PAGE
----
Cite This Page:

University of South Florida Health. "Protein Plays Key Role In Transmitting Deadly Malaria Parasite To Humans." ScienceDaily. ScienceDaily, 2 June 2008. <www.sciencedaily.com/releases/2008/05/080528140231.htm>.
University of South Florida Health. (2008, June 2). Protein Plays Key Role In Transmitting Deadly Malaria Parasite To Humans. ScienceDaily. Retrieved April 20, 2014 from www.sciencedaily.com/releases/2008/05/080528140231.htm
University of South Florida Health. "Protein Plays Key Role In Transmitting Deadly Malaria Parasite To Humans." ScienceDaily. www.sciencedaily.com/releases/2008/05/080528140231.htm (accessed April 20, 2014).

Share This



More Health & Medicine News

Sunday, April 20, 2014

Featured Research

from universities, journals, and other organizations


Featured Videos

from AP, Reuters, AFP, and other news services

Nine-Month-Old Baby Can't Open His Mouth

Nine-Month-Old Baby Can't Open His Mouth

Newsy (Apr. 19, 2014) Nine-month-old Wyatt Scott was born with a rare disorder called congenital trismus, which prevents him from opening his mouth. Video provided by Newsy
Powered by NewsLook.com
'Holy Grail' Of Weight Loss? New Find Could Be It

'Holy Grail' Of Weight Loss? New Find Could Be It

Newsy (Apr. 18, 2014) In a potential breakthrough for future obesity treatments, scientists have used MRI scans to pinpoint brown fat in a living adult for the first time. Video provided by Newsy
Powered by NewsLook.com
Little Progress Made In Fighting Food Poisoning, CDC Says

Little Progress Made In Fighting Food Poisoning, CDC Says

Newsy (Apr. 18, 2014) A new report shows rates of two foodborne infections increased in the U.S. in recent years, while salmonella actually dropped 9 percent. Video provided by Newsy
Powered by NewsLook.com
Scientists Create Stem Cells From Adult Skin Cells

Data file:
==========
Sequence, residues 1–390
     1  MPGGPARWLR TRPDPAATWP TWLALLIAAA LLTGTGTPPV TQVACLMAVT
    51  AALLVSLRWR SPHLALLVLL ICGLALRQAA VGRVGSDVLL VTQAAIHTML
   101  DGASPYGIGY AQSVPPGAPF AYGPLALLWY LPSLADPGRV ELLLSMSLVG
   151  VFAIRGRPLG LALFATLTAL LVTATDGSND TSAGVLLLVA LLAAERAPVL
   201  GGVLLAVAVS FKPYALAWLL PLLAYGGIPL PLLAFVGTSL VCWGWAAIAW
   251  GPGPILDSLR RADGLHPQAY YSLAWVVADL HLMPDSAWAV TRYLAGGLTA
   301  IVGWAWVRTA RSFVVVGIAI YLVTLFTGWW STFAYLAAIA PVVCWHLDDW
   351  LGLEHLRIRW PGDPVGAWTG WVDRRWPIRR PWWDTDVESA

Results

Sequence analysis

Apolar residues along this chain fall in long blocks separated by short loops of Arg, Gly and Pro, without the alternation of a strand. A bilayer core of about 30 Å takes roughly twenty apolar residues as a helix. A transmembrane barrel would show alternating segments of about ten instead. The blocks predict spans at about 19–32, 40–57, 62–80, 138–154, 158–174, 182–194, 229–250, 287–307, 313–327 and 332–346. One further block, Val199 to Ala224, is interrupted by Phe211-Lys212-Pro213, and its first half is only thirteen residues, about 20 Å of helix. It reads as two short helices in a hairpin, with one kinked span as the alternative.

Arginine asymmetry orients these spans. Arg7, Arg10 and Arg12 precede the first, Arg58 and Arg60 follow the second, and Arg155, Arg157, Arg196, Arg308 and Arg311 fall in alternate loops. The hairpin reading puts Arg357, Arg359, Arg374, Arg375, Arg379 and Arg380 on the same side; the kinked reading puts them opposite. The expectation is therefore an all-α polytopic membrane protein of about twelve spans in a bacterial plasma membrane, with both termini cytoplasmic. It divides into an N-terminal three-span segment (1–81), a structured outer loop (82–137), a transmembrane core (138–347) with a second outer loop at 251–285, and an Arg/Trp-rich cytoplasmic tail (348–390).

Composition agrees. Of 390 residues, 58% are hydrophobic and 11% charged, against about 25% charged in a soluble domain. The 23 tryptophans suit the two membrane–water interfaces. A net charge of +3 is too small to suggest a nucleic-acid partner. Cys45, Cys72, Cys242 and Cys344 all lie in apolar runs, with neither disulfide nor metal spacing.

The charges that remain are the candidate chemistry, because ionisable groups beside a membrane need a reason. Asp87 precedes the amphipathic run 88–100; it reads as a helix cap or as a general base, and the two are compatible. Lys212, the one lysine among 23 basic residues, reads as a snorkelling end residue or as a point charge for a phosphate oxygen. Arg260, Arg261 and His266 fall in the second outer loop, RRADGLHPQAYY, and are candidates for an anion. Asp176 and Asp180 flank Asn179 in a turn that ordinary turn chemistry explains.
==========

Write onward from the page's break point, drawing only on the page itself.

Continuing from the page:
Scientists Create Stem Cells From Adult Skin Cells

Newsy (Apr. 17, 2014) The breakthrough could mean a cure for some serious diseases and even the possibility of human cloning, but it's all still a way off. Video provided by Newsy
Powered by NewsLook.com

Search ScienceDaily

Number of stories in archives: 140,361

Find with keyword(s):
Enter a keyword or phrase to search ScienceDaily for related topics and research stories.

Save/Print:
Share:

Breaking News:
from the past week

In Other News

... from NewsDaily.com

Science News

Health News

Environment News

Technology News



Save/Print:
Share:

Free Subscriptions


Get the latest science news with ScienceDaily's free email newsletters, updated daily and weekly. Or view hourly updated newsfeeds in your RSS reader:

Get Social & Mobile


Keep up to date with the latest news from ScienceDaily via social networks and mobile apps:

Have Feedback?


Tell us what you think of ScienceDaily -- we welcome both positive and negative comments. Have any problems using the site? Questions?
Mobile: iPhone Android Web
Follow: Facebook Twitter Google+
Subscribe: RSS Feeds Email Newsletters
Latest Headlines Health & Medicine Mind & Brain Space & Time Matter & Energy Computers & Math Plants & Animals Earth & Climate Fossils & Ruins